Is This a Sign of the Next Housing Crisis?

Over the last decade, Chinese investors have been gobbling up American real estate. In part, because houses in the U.S. were so cheap after the 2008 financial crisis, but also because it was seen as a smart investment.

Especially with the presence of an overinflated Chinese housing market.

In China, owning stock isn’t nearly as popular as it is stateside. Over there, investors would rather buy property (real estate) than something less physical in nature (equities).

If you can’t see it, touch it, or feel it, to many Chinese, it’s not worth the trouble.

It’s one of the biggest cultural differences between eastern and western nations, and over time real estate-inclined Chinese investors have created “mini-dystopias” within their country’s borders.

Brand new apartment buildings sit completely vacant in some parts of China, even though each unit has been bought and paid for as an investment property. Homes in China’s more rural communities have been converted into palaces, which like their apartment counterparts, are tenant-free.

Because for most Chinese citizens, the rent is far too expensive to make newly built real estate projects their home.

Some of the more desirable Chinese neighborhoods have home values approaching downtown Manhattan prices, despite the fact that household incomes there don’t even come close to what American city-dwellers are earning.

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As a result, high net worth Chinese investors are running out of real estate to buy. So, many of them instead shifted their focus to the United States – a place where homes were cheap in 2009 and an economic recovery was on the horizon.

And those who invested in real estate back then have done very well. But now, 10 years later, Chinese interest is starting to wane in a big way.

To the National Association of Realtors (NAR), that’s cause for concern. Because in addition to lowered demand, it could be a signal that foreign money has grown far less confident in America’s future.

From April 2018 through March 2019, the dollar volume of homes purchased by foreign buyers (not just the Chinese) dropped 36% from the previous year according to the NAR. Over that time period, foreigners bought only 183,100 properties with a total value of $77.9 billion, down significantly from 266,800 properties valued at $121 billion from the year before.

The median price paid was $280,500 – higher than the median for all American homebuyers ($259,600), but still down from $290,400, the median price from the previous period.

“A confluence of many factors — slower economic growth abroad, tighter capital controls in China, a stronger U.S. dollar and a low inventory of homes for sale — contributed to the pullback of foreign buyers,” remarked NAR chief economist Lawrence Yun.

“However, the magnitude of the decline is quite striking, implying less confidence in owning a property in the U.S.”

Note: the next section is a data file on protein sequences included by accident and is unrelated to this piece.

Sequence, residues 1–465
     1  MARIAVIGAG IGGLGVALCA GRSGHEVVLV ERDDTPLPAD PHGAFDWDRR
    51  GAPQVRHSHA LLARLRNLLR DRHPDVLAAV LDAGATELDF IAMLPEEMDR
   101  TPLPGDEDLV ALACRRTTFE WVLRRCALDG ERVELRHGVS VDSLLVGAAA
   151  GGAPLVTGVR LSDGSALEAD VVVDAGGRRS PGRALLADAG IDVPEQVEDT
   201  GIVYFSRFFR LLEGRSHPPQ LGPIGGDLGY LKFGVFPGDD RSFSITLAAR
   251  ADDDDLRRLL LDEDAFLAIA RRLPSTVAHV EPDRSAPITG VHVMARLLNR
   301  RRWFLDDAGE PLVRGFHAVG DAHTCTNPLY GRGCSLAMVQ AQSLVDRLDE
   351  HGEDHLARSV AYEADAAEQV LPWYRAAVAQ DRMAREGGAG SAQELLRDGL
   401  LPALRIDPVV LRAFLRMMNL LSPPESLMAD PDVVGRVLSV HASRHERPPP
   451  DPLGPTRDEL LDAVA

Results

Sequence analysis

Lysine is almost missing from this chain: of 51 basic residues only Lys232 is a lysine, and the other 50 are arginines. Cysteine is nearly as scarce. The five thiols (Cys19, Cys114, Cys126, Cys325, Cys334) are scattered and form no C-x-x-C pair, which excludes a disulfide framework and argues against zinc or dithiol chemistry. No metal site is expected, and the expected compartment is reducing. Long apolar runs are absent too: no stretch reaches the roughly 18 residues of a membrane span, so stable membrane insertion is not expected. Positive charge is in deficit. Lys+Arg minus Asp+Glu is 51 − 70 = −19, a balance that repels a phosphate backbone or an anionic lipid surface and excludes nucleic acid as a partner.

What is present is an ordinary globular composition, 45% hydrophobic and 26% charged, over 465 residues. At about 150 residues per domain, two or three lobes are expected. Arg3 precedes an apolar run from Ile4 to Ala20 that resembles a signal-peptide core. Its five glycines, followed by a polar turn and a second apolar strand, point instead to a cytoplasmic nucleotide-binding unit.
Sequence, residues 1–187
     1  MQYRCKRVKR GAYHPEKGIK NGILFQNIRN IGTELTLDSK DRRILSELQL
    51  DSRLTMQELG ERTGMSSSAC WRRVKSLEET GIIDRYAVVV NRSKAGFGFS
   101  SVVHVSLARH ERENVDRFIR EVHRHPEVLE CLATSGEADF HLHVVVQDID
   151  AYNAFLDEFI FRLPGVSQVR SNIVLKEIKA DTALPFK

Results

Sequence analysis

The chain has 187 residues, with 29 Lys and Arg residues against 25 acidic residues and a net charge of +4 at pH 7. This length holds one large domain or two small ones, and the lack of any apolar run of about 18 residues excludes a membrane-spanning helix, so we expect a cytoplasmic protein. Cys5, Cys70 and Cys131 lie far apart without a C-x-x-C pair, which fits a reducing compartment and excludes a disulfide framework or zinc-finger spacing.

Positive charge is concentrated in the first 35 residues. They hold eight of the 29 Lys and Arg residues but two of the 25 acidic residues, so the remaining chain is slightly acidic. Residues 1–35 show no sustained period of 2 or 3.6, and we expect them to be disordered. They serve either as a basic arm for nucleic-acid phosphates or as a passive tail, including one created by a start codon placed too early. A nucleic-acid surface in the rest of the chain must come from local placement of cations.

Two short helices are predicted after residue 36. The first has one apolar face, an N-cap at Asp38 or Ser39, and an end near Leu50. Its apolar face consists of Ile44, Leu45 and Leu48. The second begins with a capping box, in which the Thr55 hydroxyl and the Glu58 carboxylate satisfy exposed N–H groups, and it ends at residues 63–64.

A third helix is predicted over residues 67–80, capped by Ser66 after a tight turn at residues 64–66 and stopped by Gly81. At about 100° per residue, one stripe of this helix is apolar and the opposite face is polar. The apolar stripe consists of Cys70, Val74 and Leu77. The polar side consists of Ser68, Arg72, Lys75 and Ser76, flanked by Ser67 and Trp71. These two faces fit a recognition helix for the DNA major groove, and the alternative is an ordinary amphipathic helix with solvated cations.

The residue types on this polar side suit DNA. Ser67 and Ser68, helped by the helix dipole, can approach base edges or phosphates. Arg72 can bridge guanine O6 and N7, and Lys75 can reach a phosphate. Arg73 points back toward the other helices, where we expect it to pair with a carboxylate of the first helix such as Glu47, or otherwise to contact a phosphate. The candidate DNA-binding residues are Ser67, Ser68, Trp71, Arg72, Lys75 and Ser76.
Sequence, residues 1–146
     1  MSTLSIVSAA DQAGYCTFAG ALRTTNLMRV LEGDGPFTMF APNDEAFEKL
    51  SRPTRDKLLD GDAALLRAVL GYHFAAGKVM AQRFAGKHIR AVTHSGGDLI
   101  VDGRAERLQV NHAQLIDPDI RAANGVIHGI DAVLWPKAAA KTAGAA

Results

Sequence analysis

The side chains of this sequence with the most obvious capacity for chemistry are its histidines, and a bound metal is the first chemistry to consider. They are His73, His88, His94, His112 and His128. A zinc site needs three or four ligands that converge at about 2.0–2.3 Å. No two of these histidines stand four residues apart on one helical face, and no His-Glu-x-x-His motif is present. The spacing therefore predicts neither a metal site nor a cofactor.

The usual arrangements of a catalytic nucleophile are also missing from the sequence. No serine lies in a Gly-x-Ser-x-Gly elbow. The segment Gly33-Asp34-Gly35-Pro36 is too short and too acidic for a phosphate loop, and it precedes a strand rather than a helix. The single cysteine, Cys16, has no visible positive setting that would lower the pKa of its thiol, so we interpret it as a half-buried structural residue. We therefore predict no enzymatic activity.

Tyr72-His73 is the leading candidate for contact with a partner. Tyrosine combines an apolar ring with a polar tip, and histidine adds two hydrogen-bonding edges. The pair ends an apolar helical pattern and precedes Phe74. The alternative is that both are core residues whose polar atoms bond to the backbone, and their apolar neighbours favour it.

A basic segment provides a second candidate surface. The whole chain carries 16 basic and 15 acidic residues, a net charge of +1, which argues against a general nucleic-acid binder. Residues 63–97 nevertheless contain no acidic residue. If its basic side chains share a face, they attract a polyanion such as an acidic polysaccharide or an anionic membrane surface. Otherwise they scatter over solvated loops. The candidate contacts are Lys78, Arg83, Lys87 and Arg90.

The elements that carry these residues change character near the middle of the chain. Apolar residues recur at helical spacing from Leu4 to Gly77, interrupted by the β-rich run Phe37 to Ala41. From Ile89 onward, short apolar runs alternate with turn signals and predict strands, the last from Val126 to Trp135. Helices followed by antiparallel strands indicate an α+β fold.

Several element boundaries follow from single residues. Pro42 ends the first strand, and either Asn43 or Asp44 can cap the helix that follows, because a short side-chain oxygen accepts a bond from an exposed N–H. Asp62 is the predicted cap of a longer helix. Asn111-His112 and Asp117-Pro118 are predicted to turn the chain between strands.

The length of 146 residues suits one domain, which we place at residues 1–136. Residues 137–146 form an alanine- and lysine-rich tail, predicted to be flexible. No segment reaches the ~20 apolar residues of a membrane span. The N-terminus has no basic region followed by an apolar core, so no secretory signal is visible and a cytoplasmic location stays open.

And while that very well could be true, there’s also another possible explanation – one that Carrie Law, CEO and director of Juwai.com (a Chinese real estate website), proposed in a recent interview.

“We call it the Trump effect. It’s a combination of anti-Chinese political rhetoric, a clampdown on visa processing, and of course tariffs,” Law said.

“The Trump effect is undercutting some of the primary drivers of Chinese demand for U.S. property, including buying homes for students who are studying in the U.S. and the country’s reputation as a safe investment.”

And in this case, the U.S. might not be a “safe investment” only for Chinese investors, who fear the worst with Trump in the Oval Office. The President could potentially bar the Chinese from investing in American real estate altogether, making it a much harder sell to folks in the Far East.

Out of all the foreign groups sampled by the NAR, Chinese investment dollars dropped the most (56%) by a wide margin.

It could potentially mean that only the Chinese, NOT the rest of the world, have lost confidence in the U.S. real estate market. After all, the state-controlled Chinese media presents Trump as a demonic, evil force to their citizens.

Would you cross the Pacific to make a deal with devil? I know I wouldn’t.

Especially if he keeps raising tariffs on the motherland.

So, while the NAR’s recent data may be disappointing, I’d argue that it’s hardly a sign of the “end times” for American real estate. If it proves anything at all, it’s that the propaganda campaign in China is alive and well.

Moreover, it’s working out beautifully for Xi & Co.

Long-term, even if a trade war conclusion is coming, it might not be enough to cool tensions between Chinese investors and the American government.

Deep-seated hatred has been sewn into China’s veins, and unless their glorious Communist Party gives them permission to fall back in love with American homes, this trend may only get worse over time.

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